Tropical Storm Irene has been called the worst natural disaster to ever hit Vermont. Twelve thousand people remain without power thereand over 250 roads were closed, with six state highway bridges completely destroyed. The federal government has pledged $5 million to Vermont for initial rebuilding. Relief efforts are underway, and progress is already being made for the many towns and highways irreparably damaged by the storm.
Yesterday the United Nations Security Council reached an agreement to release $1.5 billion in frozen Libyan assets, to help meet humanitarian needs for civilians there. The State Department is assuring the American people that money will not fall into the wrong hands. Libyan rebels are continuing their search for Moammar Gadhafi, with the help of NATO. But what will the U.S.'s role be in Libya's transition to a democracy?
Hurricane Irene is charging toward the East Coast with Category 3 power, and meteorologists are warning people from North Carolina up to New England to prepare for the storm, and in some cases evacuate. We've been checking in all week with business owners taking precautions for their shops and homes in the face of this weather.
Hurricane Irene has made its way through the Caribbean and is traveling to the eastern shore of the United States. In North Carolina, communities like Ocracoke Island have been evacuated. But many residents are still waiting to see whether Irene will be hitting their town.
Twenty years ago, the communist Soviet government in Russia launched a coup against then-President Mikhail Gorbachev. Their attempt to oust the Western-leaning president failed, but lead to the collapse of the U.S.S.R. just a few weeks later. How much has the former Soviet state changed in the last two decades?
The drought in the Horn of Africa has sent tens of thousands of Somalians to refugee camps in search of necessary resources. In Minneapolis, a large community of Somali-Americans are doing their best to send aid overseas. But their efforts are fraught with difficulty because of the dangerous climate in Somalia, where Islamist militants aligned with al-Qaida have control.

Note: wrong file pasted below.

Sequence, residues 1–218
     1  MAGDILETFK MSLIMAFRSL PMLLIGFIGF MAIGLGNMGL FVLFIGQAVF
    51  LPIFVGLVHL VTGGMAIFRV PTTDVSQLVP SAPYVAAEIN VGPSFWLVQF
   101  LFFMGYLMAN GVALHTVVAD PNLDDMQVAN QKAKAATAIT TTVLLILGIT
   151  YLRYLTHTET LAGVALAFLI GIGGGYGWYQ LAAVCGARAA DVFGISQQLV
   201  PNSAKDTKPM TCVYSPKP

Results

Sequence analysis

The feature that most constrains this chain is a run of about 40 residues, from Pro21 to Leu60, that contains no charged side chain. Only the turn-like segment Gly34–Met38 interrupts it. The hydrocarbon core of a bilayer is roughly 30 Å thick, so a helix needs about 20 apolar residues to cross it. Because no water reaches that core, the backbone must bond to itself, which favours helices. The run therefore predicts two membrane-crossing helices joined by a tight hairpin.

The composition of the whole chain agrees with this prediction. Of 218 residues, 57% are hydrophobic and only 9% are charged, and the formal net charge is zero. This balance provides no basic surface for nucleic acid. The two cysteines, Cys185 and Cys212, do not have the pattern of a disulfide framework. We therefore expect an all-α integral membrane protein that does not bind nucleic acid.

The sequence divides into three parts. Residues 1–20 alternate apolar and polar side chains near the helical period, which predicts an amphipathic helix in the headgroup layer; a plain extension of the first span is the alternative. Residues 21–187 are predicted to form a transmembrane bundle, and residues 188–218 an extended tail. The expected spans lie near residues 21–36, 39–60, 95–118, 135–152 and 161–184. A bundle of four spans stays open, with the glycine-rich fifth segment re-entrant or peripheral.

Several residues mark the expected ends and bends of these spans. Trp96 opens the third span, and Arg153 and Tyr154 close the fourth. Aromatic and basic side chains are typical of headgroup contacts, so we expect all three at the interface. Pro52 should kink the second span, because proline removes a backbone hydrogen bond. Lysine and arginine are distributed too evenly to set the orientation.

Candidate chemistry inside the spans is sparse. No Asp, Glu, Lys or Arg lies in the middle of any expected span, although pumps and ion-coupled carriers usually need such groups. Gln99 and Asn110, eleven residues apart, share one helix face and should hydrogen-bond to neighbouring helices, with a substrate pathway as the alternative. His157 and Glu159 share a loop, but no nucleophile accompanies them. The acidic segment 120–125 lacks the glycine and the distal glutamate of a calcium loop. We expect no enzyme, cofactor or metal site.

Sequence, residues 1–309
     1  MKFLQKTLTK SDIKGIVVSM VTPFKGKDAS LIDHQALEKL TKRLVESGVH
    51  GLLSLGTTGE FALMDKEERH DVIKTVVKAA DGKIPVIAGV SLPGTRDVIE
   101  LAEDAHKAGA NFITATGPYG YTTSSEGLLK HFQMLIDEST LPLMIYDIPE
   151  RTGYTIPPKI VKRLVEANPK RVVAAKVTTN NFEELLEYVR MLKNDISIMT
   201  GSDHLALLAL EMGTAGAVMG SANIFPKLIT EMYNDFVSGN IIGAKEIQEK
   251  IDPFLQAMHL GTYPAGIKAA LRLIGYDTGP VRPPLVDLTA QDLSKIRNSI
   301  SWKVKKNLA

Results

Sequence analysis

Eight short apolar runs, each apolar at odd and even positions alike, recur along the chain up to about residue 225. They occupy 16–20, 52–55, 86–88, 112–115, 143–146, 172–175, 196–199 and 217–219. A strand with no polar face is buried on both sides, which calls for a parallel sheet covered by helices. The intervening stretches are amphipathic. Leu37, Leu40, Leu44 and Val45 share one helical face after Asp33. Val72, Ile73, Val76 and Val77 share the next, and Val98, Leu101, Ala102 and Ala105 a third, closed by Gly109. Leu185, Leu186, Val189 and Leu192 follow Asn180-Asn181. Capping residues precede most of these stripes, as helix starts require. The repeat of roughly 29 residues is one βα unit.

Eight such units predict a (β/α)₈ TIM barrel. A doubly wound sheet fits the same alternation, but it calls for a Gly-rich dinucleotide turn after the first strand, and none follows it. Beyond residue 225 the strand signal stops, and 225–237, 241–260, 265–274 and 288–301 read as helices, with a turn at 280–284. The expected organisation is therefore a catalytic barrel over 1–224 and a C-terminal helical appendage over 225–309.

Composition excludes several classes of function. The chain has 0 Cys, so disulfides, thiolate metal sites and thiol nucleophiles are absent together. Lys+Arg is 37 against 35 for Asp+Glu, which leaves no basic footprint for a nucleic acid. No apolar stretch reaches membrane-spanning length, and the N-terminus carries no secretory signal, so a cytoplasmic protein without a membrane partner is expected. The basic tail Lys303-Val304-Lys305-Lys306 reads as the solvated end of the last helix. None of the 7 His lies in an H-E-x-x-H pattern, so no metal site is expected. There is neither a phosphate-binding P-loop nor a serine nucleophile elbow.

After hours of negotiating, NBA players and owners failed to come to an agreement over salary caps and team revenue. Those involved said the meetings were friendly, but players will remain on lockout until a settlement can be reached. While players have proposed a string of pay cuts to be enacted over the next few years, team owners say it is not enough to make the teams profitable. The Players Association and team owners will meet in two to three weeks to discuss this issue again.
Almost three months after his arrest in April, world-renowned artist and social activist Ai Weiwei was released Wednesday on bail from prison in China. Ai was arrested on charges of tax evasion during a crackdown on human rights activists, and has not commented on the government or his arrest since yesterday. He is perhaps best known for his design of the "Bird's Nest" stadium at the 2008 Beijing Olympics.
The Supreme Court unanimously agreed yesterday to reject a lawsuit brought on by six states, New York City, and several land trusts, seeking to reduce carbon dioxide emissions from major power plants. Justice Ruth Bader Ginsburg said that under the Clean Air Act, the case must be addressed by the Environmental Protection Agency, rather than by the courts. The Supreme Court maintains their 2007 ruling that only the EPA can dictate regulations on greenhouse gas emissions, but meanwhile Congress is trying to strip the EPA of its very ability to regulate these emissions.
While on a tour of historic places in Boston last week, Sarah Palin related some incorrect details of Paul Revere's famous ride. Sam Jones, creative director of the Freedom Trail Foundation in Boston, says that while Palin had some of the facts correct, she wrongly attributed them to Paul Revere and misinterpreted their significance. Paul Revere wanted to protect military weaponry from the British, not household guns. While there were gun shots and bell ringing, it was not done by Revere.